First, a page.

Adinnadana Vermani Sikkhapadam Samadiyami means “I understand the training principles of abstaining from taking the not-given.” This is in reference to avoiding taking items that were not first offered, in other words it means that Buddhists agree not to steal.

Kamesumicchacara Veramani Sikkhapadam Samidiyami means “I undertake the training principles of abstaining from sexual misconduct.” This is in reference to avoiding any sexual activities that could be construed as being harmful or otherwise damaging. This could include assault or the betrayal of your romantic partner.

Musavada Veramani Sikkhapadam Samadiyami means “I undertake the training principle of abstaining from false speech.” This is in reference to avoiding saying things that are not true, in other words avoiding lying and deliberately spreading falsehoods.

Sura Meraya Majji Pamadatthana Veramani Sikkhapadam Samadiyami means “I undertake the training principle of abstaining from intoxication.” This is in reference to avoiding drinking alcohol to the point of intoxication. It doesn’t forbid drinking per se, but it does suggest that drinking alcohol to the point of intoxication is the step to avoid.

At the end of the precepts, the person performing the chant will wrap up with a three-fold “Sadhu!” Sadhu can be translated to meaning “Good!”

The Three Refuges and Five Precepts serve to help emphasize the negative behaviors that we should all be avoiding, and also help to reinforce in our minds the positive outcome that will occur from incorporating the precepts into our daily lives. In order to further cultivate the positivity that we are seeking to add to our lives, there are also five “positive precepts” that are often added to the chant after the five so-called negatives. This only occurs in some schools of Buddhism training, so may not be widely recognized by all Buddhists.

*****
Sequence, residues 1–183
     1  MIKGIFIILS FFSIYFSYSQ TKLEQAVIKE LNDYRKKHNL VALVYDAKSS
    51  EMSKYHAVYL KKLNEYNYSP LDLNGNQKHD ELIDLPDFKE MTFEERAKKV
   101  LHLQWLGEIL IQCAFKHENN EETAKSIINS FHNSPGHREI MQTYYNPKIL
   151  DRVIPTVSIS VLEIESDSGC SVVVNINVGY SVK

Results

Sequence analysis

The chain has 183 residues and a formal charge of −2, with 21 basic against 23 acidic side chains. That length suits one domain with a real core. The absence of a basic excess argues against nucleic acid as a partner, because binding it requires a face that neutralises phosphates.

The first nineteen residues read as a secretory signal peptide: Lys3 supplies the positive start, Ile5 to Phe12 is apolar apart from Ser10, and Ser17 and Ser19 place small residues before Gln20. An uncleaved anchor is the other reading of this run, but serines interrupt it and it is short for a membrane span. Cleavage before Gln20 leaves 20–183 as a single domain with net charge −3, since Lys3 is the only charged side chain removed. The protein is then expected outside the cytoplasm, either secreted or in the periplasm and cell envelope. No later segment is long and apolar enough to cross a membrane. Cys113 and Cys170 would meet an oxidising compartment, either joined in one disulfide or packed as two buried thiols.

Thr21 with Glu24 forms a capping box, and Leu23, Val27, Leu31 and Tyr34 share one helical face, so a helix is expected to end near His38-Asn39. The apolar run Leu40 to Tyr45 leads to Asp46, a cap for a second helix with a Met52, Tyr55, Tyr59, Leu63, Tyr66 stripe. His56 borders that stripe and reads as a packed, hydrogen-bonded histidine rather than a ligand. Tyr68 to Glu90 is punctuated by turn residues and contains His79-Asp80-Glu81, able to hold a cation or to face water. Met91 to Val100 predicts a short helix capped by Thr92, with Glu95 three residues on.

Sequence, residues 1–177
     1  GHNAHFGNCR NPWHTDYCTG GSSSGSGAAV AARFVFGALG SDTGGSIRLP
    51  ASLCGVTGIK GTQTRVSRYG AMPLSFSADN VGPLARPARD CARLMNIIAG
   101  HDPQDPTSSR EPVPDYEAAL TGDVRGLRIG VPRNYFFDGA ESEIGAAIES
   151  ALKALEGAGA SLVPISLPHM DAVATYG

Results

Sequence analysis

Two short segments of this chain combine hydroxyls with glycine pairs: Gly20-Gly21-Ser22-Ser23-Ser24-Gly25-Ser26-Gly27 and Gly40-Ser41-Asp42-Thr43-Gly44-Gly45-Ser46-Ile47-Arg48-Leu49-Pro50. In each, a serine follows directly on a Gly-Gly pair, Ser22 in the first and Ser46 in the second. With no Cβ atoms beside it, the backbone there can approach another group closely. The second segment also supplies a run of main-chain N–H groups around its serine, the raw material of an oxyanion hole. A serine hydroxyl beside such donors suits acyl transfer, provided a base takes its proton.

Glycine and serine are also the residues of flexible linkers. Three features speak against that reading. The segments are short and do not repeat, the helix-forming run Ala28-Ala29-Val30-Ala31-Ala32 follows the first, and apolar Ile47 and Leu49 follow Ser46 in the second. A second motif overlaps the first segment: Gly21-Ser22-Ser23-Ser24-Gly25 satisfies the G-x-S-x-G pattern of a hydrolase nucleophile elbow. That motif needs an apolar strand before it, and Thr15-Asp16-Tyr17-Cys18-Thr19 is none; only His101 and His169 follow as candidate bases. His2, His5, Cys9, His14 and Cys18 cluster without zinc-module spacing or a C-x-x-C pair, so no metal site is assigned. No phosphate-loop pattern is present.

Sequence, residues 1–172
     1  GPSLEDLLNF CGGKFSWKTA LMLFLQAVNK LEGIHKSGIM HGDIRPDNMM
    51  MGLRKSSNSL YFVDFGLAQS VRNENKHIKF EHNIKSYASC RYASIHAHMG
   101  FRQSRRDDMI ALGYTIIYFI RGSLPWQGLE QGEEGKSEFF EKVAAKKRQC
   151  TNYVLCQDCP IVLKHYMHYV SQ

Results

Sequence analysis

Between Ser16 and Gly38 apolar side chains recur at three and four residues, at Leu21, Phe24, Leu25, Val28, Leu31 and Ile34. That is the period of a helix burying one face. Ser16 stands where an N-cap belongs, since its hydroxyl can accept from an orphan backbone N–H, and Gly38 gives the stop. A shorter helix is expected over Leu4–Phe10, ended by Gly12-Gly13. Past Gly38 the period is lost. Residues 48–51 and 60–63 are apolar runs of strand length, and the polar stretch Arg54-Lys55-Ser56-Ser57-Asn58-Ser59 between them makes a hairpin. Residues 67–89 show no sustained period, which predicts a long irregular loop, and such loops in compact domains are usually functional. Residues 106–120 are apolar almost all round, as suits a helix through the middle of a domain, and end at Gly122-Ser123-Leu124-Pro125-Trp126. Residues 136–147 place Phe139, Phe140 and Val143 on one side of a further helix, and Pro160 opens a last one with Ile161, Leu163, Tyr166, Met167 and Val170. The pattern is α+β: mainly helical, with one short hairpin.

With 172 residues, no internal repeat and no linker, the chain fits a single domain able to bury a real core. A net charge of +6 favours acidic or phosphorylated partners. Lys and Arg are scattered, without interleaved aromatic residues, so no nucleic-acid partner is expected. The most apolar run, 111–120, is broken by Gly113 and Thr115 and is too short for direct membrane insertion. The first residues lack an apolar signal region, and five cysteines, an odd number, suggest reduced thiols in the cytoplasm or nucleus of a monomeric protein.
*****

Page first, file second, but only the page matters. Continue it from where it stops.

They are as follows.

  1. 1. This is in reference to the good cleansing energy that can arise and wash over us when we perform good and positive deeds for others, without selfish tendencies.       With deeds of loving kindness, I purify my body.
  2. 2.       With open-handed generosity, I purify my body. This is in reference to the way that being selflessly generous can help to further purify our bodies and our spirits.
  3. 3.       With stillness, simplicity, and contentment, I purify my body. This is in reference to the way that we can find spiritual purification by embracing the simplicity and stillness of our surroundings.
  4. 4.       With truthful communication, I purify my speech. This is in reference to the belief that by speaking with a truthful and open heart, we will be purifying our speech.
  5. 5.       With mindfulness, clear and radiant, I purify my mind. This is in reference to the way that by being mindful and by keeping a clear head, we will be open to the truth and wisdom around us.

The whole series of chants is typically performed at the start of a training period or at the start of a brand new day so that Buddhists can be better prepared to face their day with a clear mind, clear spirit, and a willingness to be the change that they want to see in their world.